* HIDDEN IN THE HILLS SPECIAL EDITION, PART I *
This past Friday, Saturday and Sunday I participated in the first three of a six-day studio tour in the north part of the Valley of the Sun, where I live. It gave me a great opportunity to introduce my 3D printed sculpture and jewelry – you learn a lot when you talk directly to the public.
Yes, the jewelry and some of my 3D printed sculpture debuted at Shemer Art Center‘s show “Materialize,” but I wasn’t there day in and day out. At this event, I got to talk to a lot of people.
About 700 people came through during the first three days of Hidden In The Hills, which is celebrating its 18th year as a studio tour. Nearly 200 artists are showing their work in 50 studios scattered across three towns. A lot of attendees come every year; for some it is a holiday tradition.
So they are used to looking at art. There are also people who are just along for the ride, as well as a number of artists checking out the competition.
There are six artists in the studio I’m in, BH Bowman studio in Scottsdale, Arizona. I’m at the entrance with a couple of fine art sculptures as well as my home & garden line (bugs, ocotillos, Shitake Agaves and such), sound sculptures and, this year, 3D printed jewelry and sculpture.
As people come in, we greet and engage with them. Some are speechless about the 3D printed jewelry and sculptures, some are curious, and a few are uninterested. Many want to know what 3D printing is all about. I thought about bringing a printer, but instead I have a photo of the Gigante and use it to explain how it feeds the filament and prints.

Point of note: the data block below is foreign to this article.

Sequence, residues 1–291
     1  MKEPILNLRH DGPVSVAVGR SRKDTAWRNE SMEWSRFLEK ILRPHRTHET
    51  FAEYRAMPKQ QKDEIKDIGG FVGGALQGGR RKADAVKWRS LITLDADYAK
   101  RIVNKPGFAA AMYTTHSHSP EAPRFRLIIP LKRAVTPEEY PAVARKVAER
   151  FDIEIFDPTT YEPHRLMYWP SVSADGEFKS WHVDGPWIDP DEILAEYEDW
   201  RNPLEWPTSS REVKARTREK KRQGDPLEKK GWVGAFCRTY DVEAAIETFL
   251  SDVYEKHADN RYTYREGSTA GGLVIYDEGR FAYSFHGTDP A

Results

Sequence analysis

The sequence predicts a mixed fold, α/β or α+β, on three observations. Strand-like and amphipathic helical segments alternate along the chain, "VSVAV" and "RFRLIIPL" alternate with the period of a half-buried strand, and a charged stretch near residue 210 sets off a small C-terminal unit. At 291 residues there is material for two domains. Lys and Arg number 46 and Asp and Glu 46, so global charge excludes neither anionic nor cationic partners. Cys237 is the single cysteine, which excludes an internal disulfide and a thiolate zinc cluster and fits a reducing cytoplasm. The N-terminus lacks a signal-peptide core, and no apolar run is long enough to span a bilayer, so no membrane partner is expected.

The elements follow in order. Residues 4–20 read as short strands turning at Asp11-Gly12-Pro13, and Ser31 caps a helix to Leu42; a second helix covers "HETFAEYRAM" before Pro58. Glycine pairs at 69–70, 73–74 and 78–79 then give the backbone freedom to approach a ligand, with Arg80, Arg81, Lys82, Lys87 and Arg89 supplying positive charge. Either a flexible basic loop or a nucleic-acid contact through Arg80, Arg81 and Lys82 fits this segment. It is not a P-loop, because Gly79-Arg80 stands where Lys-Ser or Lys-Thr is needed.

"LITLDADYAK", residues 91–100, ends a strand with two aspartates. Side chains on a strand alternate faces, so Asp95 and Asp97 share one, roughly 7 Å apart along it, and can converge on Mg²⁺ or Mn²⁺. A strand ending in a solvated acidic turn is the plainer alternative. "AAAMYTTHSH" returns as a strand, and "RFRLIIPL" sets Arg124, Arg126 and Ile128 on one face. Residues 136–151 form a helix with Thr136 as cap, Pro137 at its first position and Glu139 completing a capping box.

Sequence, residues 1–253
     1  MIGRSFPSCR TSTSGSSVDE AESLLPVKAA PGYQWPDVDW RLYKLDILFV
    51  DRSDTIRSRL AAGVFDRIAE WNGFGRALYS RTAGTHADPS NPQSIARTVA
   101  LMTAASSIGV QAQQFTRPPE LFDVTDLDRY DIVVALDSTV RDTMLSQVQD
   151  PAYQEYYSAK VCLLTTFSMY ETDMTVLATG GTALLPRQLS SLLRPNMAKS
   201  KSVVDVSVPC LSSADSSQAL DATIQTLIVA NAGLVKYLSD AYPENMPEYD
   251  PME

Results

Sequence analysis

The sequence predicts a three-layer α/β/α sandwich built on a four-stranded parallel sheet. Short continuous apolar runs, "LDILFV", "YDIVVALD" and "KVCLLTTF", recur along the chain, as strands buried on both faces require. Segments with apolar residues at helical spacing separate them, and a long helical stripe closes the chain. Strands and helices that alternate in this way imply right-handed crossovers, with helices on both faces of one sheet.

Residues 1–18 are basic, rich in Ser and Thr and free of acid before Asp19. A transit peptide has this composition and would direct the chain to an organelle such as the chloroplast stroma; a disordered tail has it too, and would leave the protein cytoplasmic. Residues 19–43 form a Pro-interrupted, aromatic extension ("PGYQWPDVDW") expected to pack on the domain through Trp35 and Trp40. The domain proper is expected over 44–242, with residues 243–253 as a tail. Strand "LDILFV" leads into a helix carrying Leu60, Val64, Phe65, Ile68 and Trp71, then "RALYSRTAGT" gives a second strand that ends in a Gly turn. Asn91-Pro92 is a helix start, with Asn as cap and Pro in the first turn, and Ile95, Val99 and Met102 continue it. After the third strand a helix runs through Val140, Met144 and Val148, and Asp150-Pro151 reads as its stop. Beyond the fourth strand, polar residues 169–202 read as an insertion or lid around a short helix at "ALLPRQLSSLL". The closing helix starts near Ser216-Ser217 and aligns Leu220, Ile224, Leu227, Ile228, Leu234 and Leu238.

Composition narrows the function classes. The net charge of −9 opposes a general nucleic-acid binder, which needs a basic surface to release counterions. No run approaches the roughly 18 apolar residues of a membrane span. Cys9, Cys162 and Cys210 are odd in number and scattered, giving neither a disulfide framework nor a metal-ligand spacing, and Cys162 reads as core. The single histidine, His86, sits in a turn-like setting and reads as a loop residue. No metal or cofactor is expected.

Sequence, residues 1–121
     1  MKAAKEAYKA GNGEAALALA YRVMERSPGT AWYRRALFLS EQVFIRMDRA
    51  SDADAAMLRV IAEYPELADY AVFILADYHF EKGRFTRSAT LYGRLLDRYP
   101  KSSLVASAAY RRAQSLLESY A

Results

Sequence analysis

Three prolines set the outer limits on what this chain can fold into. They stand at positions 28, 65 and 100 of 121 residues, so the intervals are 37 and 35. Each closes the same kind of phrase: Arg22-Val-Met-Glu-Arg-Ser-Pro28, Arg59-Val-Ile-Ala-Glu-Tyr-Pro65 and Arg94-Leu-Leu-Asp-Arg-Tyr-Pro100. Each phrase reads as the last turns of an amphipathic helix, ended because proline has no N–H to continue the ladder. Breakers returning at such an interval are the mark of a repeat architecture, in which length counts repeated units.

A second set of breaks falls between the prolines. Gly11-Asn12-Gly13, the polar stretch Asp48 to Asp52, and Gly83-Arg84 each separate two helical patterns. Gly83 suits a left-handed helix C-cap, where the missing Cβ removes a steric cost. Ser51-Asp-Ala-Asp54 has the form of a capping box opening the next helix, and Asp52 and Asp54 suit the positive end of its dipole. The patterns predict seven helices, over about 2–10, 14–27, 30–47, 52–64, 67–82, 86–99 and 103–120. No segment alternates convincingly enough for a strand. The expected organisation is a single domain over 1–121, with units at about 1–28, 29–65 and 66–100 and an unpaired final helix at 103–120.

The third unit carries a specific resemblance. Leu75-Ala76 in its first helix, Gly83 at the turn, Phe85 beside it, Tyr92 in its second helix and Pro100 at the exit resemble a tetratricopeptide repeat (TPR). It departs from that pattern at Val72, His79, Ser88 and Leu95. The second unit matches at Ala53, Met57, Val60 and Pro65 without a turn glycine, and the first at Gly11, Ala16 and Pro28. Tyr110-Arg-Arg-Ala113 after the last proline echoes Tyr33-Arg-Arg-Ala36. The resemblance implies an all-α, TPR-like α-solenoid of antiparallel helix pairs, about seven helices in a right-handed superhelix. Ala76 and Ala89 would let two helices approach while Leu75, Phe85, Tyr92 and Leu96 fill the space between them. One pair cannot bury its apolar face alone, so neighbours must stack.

I’m definitely encouraged by the response. More are interested than not. A number of them say this is the first time they have ever seen something that has been printed on a 3D printer. We often hand them an earring so they can feel how light it is. The vibrant colors speak for themselves. We’ve sold four pairs of earrings, which is encouraging.
There is less interest in the Progeny line of small 3D printed sculptures. People enjoy picking them up but don’t seem interested in having one.
The big news, though, is that I sold Vessel (right), a 31″ x 9″ x 9″ sculpture that I printed on the Gigante. This excites me – people are able to see what I am doing as art.
I have no doubt about that myself, because of the design that goes into each piece, and also the manipulation and creation that is part of the process. Tools have always been part of my work – they influence its form and proportion as well as allow me to make my sculptures.
3D printing is no different, although there is a lot more math (most people would be surprised how much math I use as an artist). I am constantly working with the printer and the software to create what I want, which creates an energy I channel into each piece as I learn how the equipment works and what it can do.
Pushing that envelope is part of the challenge and the fun.
The second half of Hidden In The Hills starts this Friday. So now we’ll get to see what more people have to say ….